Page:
War and Disease

War and Disease: Biomedical Research on Malaria in the Twentieth Century

Leo B. Slater
Copyright Date: 2009
Published by: Rutgers University Press
Pages: 264
https://www.jstor.org/stable/j.ctt5hhz1k
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  • Book Info
    War and Disease
    Book Description:

    In this historical study, Leo B. Slater shows the roots and branches of an enormous drug development project during World War II. Fighting around the globe, American soldiers were at high risk for contracting malaria, yet quinineùa natural cureùbecame harder to acquire.

    eISBN: 978-0-8135-4646-9
    Subjects: Health Sciences

Table of Contents

  1. Front Matter
    (pp. i-vi)
  2. Table of Contents
    (pp. vii-viii)
  3. Acknowledgments
    (pp. ix-xii)
  4. Introduction
    (pp. 1-16)

    To understand the development of the military-industrial complex in the second half of the twentieth century, we look back at the Manhattan Project that built the first atomic bombs during World War II. For biomedicine in the twentieth century, the U.S. antimalarial program serves a similar role. It was a dynamic, evolving, and inventive program that spanned some seven years (1939–1946). It changed how biomedical research and development (R&D) would be funded and organized in the postwar period. World War II was a watershed for science and technology. The atomic bomb, jets and rockets, radar, and penicillin were just...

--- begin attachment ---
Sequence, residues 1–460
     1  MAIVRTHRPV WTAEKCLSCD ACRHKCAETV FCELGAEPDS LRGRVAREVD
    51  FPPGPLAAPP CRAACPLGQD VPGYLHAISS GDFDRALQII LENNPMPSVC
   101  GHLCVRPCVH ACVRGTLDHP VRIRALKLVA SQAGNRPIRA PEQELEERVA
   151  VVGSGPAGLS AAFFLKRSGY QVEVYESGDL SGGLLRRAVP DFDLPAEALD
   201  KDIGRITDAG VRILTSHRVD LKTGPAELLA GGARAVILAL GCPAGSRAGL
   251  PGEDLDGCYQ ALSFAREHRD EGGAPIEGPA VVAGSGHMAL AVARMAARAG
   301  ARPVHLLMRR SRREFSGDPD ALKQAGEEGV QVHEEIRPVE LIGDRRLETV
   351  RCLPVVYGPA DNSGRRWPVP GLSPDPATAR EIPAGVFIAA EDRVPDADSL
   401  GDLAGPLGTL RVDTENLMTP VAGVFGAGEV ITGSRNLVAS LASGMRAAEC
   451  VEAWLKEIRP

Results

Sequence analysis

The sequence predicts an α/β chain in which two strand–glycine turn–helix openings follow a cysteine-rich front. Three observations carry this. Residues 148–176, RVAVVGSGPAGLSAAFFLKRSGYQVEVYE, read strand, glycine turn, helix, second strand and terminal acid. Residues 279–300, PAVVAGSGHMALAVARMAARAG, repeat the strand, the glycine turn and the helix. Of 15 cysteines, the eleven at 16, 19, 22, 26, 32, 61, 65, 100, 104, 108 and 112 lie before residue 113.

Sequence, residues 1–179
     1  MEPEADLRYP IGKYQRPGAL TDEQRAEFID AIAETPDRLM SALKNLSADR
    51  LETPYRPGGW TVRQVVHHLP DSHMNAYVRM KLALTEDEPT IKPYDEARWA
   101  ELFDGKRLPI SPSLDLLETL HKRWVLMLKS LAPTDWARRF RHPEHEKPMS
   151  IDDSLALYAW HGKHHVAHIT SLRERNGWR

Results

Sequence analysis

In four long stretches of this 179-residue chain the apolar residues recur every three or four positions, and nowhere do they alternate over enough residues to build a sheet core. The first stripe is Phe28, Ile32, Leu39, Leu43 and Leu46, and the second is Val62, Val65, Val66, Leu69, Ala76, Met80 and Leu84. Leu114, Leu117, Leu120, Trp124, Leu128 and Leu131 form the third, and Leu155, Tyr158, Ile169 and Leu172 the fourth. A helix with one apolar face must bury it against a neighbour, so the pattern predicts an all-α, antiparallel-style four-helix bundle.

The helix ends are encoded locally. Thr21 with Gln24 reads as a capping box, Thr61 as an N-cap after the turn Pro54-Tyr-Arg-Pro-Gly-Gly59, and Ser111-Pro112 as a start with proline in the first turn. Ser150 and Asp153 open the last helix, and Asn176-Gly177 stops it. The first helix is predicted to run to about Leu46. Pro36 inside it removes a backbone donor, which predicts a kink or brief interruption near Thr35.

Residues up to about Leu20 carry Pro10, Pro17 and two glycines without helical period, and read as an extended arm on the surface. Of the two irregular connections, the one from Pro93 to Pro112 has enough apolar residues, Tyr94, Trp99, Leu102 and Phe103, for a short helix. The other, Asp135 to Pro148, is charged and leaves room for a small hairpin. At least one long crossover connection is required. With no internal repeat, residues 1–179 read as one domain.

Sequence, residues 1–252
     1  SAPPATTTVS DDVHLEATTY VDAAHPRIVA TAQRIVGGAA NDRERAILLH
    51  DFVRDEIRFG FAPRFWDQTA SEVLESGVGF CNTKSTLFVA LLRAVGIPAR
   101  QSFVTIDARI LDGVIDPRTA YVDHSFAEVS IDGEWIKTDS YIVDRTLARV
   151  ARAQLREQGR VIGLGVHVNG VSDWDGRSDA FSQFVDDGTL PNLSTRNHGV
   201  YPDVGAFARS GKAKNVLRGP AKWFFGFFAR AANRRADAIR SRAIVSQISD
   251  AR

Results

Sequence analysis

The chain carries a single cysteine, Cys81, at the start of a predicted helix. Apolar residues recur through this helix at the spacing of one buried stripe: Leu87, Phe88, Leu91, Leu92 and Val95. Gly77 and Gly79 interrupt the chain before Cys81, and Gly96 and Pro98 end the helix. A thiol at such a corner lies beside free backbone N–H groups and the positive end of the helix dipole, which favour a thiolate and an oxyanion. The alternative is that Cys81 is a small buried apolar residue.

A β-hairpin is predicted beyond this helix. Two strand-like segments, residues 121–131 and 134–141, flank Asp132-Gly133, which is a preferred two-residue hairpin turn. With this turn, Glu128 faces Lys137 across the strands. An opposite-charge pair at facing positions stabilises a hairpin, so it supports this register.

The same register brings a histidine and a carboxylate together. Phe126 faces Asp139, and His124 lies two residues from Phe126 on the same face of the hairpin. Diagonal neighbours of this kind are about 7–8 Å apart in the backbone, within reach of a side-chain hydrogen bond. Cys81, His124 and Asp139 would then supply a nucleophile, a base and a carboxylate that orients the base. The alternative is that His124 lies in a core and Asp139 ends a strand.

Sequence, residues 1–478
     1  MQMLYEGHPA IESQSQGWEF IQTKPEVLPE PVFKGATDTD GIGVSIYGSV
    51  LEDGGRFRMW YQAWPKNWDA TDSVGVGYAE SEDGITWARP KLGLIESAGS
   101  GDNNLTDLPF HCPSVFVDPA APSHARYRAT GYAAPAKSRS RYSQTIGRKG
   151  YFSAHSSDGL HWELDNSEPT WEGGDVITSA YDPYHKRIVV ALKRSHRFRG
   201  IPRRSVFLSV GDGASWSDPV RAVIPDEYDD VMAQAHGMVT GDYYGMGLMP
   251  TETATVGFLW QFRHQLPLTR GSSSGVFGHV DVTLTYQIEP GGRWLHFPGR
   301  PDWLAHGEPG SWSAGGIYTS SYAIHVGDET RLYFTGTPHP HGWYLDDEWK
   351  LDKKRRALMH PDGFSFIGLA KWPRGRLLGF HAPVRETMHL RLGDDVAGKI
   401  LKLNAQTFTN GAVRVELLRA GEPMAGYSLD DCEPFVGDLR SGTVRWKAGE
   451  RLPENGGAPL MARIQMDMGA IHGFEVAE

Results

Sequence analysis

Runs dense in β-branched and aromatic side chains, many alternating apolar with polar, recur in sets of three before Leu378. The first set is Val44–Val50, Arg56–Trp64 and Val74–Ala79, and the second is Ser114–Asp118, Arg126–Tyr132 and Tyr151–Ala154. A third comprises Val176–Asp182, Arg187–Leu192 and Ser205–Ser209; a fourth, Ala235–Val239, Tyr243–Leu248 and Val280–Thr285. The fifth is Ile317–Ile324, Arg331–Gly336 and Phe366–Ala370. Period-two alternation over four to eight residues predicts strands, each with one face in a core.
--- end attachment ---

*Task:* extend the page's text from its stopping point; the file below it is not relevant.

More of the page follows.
5. Chapter 1 Quinine and the Environment of Disease
    (pp. 17-38)

    Complex, amazing, and highly adapted: This is how a group of researchers at the National Institutes of Health described the parasites that cause malaria. These parasites were not just an admired object of research; they were an enemy to be respected and understood on their own terms. Through the development of synthetic antimalarial drugs in the first half of the twentieth century, malariologists, physicians, and chemists obtained critical knowledge of this successful foe. The scientific, medical, and natural-historical context of these novel pharmaceuticals emerged from earlier understandings of several essential elements: quinine and the cinchona tree from whose bark the...

  6. Chapter 2 Avian Malaria
    (pp. 39-58)

    The period between World War I and World War II was a productive one for antimalarial research. The first successful environmental insecticide, Paris green, was developed against mosquitoes. And on the drug front, new methods for testing antimalarials in animals—in birds, in fact—would emerge in the Bayer laboratories. These methods would persist as the backbone of antimalarial drug screening throughout the war and into the late 1940s. To appreciate the work done by the U.S. wartime antimalarial program, we need to understand the research tools available to it. What were the shapes and capabilities of model systems for...

  7. Chapter 3 New Drugs
    (pp. 59-83)

    Quinine—how to use it, make it, and especially replace it—remained a subject of much interest in the first half of the twentieth century. And with good reason. Although precise numbers on disease and disability were (and are) notoriously difficult to collect, especially for diseases like malaria that are at their worst among the world’s poorest, in 1926, the League of Nations estimated two million deaths per year from malaria. Since the death rate was three to four per 1,000 cases, this meant an estimated 650 million cases of malaria, or roughly one-third of the human race.¹ During the...